Argentinian stencil pioneer Cabaio recently brought his distinct aesthetic to NYC. A few weeks back, I discovered him at work at the Bushwick Collective and was mesmerized by his stunningly intricate, brightly hued stencil work.
When and where did you first get up on a public surface?
I began in Buenos Aires in 2001.
What was your inspiration at the time?
In the midst of an economic crisis, there were too many ads in public spaces. They seemed to be everywhere. And I didn’t like looking at ads. I saw my artwork as an alternative way of using public space. And then in 2003, during the invasion of Iraq, I was further inspired to use public space to transmit messages. The global political situation — at the time — motivated me to make my own mark.
Have you any favorite surfaces or spots?
I like rough surfaces, and I always seek the right context for a piece. I particularly like quiet spots.
Have you ever been arrested?
About seven years ago, the cops took my tools away from me. But these days I feel free to paint just about anywhere. Street artists have become the new pop stars!
How does your family feel about what you are doing?
At first they thought I was too old to be doing this. Now they are proud of me.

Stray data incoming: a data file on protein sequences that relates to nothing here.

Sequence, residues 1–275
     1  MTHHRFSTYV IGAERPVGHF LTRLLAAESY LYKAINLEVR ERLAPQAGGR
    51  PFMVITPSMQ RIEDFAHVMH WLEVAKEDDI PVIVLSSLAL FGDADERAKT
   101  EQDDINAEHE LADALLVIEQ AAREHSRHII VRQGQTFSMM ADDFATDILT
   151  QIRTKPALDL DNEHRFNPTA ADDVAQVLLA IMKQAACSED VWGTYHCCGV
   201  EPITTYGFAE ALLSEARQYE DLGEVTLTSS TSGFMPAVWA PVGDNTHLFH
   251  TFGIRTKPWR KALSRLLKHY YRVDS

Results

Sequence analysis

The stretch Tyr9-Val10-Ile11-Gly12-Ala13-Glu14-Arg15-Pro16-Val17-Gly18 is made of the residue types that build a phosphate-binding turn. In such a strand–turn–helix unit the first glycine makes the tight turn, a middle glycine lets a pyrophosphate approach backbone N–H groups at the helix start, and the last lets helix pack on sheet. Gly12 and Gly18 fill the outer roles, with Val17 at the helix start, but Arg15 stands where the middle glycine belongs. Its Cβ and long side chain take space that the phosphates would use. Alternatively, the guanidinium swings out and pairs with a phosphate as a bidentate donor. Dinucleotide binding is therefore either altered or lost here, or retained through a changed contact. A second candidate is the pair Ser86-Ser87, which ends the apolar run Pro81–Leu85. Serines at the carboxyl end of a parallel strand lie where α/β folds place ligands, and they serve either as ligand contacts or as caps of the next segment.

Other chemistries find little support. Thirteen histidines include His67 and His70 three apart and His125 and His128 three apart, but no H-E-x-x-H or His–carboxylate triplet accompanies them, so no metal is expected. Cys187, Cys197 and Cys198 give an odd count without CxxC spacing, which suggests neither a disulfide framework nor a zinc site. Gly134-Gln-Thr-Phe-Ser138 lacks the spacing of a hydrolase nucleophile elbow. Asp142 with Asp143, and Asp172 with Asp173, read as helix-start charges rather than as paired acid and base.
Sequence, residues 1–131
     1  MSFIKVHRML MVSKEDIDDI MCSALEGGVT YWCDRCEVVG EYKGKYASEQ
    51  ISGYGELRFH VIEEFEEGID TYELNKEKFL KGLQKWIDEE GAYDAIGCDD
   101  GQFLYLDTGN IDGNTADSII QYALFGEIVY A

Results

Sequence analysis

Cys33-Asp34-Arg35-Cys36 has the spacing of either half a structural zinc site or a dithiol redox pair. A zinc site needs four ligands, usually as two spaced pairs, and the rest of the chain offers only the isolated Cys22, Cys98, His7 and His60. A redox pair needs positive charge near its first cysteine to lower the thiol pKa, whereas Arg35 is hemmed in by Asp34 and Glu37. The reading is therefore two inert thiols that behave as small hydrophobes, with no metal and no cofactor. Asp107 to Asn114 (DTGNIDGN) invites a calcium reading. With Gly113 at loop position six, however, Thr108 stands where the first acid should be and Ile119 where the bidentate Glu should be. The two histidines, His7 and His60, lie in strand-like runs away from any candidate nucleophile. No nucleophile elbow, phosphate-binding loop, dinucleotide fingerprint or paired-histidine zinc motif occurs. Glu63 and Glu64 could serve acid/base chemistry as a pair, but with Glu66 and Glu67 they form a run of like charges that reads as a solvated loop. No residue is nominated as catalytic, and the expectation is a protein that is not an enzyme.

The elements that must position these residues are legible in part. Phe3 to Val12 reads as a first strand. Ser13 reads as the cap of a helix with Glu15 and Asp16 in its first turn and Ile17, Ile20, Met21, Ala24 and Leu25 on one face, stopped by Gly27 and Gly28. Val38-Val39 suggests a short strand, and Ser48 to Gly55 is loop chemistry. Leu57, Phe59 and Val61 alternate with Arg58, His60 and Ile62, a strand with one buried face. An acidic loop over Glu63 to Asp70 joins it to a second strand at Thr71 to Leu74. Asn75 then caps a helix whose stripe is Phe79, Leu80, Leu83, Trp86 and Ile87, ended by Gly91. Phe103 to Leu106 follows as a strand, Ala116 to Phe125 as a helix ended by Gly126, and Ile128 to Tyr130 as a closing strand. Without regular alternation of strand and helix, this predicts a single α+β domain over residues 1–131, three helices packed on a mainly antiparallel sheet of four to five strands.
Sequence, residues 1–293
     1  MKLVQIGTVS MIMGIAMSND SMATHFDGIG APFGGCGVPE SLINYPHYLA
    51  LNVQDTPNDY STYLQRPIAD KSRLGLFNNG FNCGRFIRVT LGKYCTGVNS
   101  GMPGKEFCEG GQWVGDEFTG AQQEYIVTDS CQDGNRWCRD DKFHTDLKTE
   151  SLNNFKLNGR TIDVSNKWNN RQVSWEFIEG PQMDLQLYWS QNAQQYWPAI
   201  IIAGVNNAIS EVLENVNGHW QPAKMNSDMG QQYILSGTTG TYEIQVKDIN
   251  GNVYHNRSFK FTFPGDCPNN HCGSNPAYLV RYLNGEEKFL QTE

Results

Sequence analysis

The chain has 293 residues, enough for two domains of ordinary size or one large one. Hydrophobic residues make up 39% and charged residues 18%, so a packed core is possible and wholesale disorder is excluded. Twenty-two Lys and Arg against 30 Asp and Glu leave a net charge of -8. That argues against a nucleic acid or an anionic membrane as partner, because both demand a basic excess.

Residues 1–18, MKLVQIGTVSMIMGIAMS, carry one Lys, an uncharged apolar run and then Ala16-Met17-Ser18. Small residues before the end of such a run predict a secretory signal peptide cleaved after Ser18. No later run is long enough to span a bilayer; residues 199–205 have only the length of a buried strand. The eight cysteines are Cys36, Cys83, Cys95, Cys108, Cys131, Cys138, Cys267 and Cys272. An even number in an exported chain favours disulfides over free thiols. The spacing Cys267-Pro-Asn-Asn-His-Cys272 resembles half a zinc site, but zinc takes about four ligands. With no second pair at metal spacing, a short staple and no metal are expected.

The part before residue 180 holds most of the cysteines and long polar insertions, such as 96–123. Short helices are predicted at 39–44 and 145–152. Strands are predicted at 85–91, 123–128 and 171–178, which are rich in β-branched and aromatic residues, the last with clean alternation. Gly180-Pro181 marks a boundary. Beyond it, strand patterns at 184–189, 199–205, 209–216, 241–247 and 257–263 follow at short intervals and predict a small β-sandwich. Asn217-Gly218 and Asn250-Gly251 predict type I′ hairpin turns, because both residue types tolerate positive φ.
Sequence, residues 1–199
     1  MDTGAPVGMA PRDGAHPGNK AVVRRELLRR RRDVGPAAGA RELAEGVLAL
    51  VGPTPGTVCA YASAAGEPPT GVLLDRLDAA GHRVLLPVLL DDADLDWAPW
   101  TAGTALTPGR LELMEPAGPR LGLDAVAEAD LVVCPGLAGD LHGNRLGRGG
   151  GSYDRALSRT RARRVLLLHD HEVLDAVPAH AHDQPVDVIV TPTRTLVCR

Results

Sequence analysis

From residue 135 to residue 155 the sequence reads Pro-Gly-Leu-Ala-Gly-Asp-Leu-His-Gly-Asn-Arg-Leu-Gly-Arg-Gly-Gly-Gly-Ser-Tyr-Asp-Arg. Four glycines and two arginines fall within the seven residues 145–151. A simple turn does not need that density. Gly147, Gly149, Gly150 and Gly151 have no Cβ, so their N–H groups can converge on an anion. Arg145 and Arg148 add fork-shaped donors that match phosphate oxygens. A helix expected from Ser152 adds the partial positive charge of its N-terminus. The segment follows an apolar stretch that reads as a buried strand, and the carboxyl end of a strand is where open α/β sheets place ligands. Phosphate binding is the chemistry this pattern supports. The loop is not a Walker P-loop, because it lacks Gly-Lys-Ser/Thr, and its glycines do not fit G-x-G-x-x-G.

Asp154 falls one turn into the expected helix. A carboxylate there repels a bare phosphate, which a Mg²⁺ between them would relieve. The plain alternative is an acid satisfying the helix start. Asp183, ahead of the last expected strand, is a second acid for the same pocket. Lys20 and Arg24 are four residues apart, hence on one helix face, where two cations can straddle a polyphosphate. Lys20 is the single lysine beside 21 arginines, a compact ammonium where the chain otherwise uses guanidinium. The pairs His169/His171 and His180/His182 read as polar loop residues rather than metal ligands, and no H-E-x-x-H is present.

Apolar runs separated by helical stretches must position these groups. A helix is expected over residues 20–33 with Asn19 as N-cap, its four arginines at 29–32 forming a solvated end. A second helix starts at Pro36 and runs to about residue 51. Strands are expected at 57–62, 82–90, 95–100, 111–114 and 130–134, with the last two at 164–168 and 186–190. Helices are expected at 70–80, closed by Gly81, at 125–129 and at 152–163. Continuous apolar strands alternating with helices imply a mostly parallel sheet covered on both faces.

Do you have a formal arts education?
I studied architecture for one year.
Have you any thoughts about the graffiti/street art divide?
I don’t feel it. They are both cool art forms. There shouldn’t be a divide.
What about the movement of street art into galleries? How do you feel about that?
I have no problem with galleries, as long as the people there respect our work.
Have you shown your work in any galleries?
Yes, I’ve exhibited in Buenos Aires, São Paulo, New York City, Washington DC and in Indonesia.
What about corporations? So many seem eager to embrace the aesthetics of street art these days.
If they respect our work and use it honestly and pay us well – then it’s all good!
Are there any particular cultures that have influenced your aesthetics?
I’ve been influenced by Argentinian culture and by Japanese comic culture.
What do you think of the role of the Internet in all of this?
It’s certainly a revolution, as it can provide us all with unlimited information.
Have you any favorite artists – stencil artists, in particular?
I like Blek Le Rat, the stencil pioneer. I think Banksy is amazingly clever. And I love the São Paulo-based duo Alto Contraste.
What do you see as the future of street art?
It will only continue to get stronger.
And what about you? What’s ahead for you?
I will never allow myself to feel comfortable. My art continues to evolve with more emphasis on its aesthetic element and far less on its political one. I will continue to always challenge myself.
Interview conducted and edited by Lois Stavsky. First photo — of Cabaio at work the Bushwick Collective by Lois Stavsky; all others courtesy of the artist